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Facts about the Chinese language

Mandarin Chinese is the official language of the People's Republic of China, the Republic of China and Singapore. It is spoken by 867.2 million people worldwide and ranks first as the most widely spoken language in the world.

Mandarin Chinese is a Chinese language of the Sino-Tibetan family of languages. It resides in the same group as Cantonese but while many Mandarin speakers may speak Cantonese or vice versa, the two languages are not mutually intelligible.

Officially, there are two versions of Standard Mandarin, since the Beijing government refers to that on the Mainland as Putonghua, whereas the Taipei government refers to their official language as Kuo-yu (Guoyu in pinyin).

Technically, there is little difference between the two versions but both versions of Standard Mandarin Chinese are often quite different from the Mandarin Chinese dialects that are spoken in accordance with regional habits and not identical to the Beijing dialect that they are based on. In all, there are eight major groups of Mandarin dialects, which are: Beijing Mandarin, Northeastern Mandarin, Ji Lu Mandarin, Jiao Liao Mandarin, Zhongyuan Mandarin, Lan Yin Mandarin, Southwestern Mandarin, and Jianghuai Mandarin.

The Chinese written language employs Chinese characters, a system based on logograms, where each symbol represents a morpheme (a meaningful unit of language). With the language constantly evolving, the number of characters in existence is a changing figure. Latest count is estimated at approximate 49,000, yet it is only necessary to know around 3,000 to read a newspaper and around just 5,000 are taught at secondary school. As a voluminous language it has developed over the centuries and has influenced the vocabulary of Japan and Korea.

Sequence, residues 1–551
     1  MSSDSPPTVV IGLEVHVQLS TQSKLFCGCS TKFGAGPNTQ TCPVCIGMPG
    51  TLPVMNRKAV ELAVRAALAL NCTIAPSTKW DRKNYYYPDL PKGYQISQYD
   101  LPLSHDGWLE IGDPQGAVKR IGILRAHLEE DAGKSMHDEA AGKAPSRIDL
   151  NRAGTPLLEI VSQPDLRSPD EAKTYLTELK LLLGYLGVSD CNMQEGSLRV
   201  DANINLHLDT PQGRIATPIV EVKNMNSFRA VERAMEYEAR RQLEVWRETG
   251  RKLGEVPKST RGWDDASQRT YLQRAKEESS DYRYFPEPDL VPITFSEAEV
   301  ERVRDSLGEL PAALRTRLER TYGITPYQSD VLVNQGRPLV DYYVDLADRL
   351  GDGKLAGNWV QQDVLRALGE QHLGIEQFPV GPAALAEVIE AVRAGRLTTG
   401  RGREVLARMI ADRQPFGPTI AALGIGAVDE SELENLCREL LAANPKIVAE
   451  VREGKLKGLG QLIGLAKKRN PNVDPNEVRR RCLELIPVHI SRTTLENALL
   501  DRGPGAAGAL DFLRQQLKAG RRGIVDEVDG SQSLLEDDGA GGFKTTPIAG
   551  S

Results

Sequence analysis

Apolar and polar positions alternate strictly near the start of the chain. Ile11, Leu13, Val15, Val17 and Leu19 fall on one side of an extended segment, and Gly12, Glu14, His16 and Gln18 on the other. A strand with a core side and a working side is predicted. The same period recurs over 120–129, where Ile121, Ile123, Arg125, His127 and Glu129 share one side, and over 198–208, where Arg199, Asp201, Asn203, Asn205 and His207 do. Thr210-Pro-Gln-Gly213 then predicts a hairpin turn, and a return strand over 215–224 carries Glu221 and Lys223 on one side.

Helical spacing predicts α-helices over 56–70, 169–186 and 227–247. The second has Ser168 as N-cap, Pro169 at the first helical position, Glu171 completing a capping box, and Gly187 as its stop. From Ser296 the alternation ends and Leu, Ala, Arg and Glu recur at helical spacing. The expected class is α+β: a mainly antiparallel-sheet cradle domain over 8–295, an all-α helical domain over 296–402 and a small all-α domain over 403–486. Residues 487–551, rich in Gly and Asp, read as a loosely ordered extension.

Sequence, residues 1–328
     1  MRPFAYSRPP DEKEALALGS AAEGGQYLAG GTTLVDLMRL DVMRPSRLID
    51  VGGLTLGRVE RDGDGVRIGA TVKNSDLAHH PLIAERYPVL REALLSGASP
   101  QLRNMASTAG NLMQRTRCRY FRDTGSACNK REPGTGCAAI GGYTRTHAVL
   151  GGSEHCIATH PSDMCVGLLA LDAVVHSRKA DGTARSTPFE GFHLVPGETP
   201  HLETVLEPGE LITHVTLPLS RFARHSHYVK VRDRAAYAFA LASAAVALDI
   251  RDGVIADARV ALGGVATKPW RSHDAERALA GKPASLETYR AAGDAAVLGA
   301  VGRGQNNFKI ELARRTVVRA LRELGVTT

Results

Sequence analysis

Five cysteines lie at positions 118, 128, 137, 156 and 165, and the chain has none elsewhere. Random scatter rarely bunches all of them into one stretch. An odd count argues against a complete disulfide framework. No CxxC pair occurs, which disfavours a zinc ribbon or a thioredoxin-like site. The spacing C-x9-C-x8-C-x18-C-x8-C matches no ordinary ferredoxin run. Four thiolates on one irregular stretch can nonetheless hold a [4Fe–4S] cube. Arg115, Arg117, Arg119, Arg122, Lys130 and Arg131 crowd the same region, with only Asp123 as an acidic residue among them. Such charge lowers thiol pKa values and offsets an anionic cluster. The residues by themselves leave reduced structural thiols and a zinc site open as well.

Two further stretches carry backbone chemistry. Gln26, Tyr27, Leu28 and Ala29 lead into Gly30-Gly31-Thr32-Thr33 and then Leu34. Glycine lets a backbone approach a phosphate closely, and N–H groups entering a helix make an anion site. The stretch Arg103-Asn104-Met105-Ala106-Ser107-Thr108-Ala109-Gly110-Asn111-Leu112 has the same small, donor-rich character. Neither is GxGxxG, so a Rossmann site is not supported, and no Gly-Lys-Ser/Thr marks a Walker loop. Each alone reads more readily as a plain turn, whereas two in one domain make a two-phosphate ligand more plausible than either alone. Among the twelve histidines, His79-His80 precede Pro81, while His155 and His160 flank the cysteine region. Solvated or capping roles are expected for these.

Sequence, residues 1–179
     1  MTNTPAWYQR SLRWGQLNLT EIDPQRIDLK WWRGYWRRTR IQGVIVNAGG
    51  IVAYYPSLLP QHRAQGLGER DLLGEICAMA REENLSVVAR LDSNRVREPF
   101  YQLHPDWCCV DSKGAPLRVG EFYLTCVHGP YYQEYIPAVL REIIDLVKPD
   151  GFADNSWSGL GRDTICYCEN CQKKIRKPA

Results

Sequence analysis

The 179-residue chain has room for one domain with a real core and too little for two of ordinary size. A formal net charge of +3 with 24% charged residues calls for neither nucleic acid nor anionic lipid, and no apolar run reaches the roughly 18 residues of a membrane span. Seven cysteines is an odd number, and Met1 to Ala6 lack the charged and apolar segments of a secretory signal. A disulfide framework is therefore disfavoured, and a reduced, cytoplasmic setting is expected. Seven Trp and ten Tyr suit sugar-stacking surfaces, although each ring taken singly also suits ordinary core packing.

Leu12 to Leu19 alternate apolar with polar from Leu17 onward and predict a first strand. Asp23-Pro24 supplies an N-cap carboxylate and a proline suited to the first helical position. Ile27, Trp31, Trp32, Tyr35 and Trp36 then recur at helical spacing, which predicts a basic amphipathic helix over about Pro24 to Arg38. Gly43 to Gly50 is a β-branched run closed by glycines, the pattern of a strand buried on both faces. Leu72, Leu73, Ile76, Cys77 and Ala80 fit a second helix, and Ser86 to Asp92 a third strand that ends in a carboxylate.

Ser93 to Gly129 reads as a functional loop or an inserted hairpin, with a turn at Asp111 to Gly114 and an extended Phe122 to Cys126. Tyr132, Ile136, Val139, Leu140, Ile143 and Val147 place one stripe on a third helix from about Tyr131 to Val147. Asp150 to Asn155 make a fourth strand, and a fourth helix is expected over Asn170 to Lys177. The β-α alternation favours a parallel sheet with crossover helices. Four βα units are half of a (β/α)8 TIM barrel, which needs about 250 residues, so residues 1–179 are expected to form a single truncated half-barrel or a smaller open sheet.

Mandarin Chinese can be written in two different forms.

1) Traditional Chinese characters

Traditional Chinese characters are used in Hong Kong, Macau, Taiwan, and some overseas Chinese communities. In contrast, simplified characters are used in China and in some overseas Chinese communities, especially those from aforementioned countries who emigrated after the widespread adoption of simplified Chinese characters.

2) Simplified Chinese characters

Used in the People's Republic of China, Malaysia, Singapore, approximately 2,000 characters were simplified formally in 1958 in order to facilitate literacy.


These interesting facts are courtesy of:
Chinese Language Course
Communicaid is a global leader in the design and delivery of Chinese language courses
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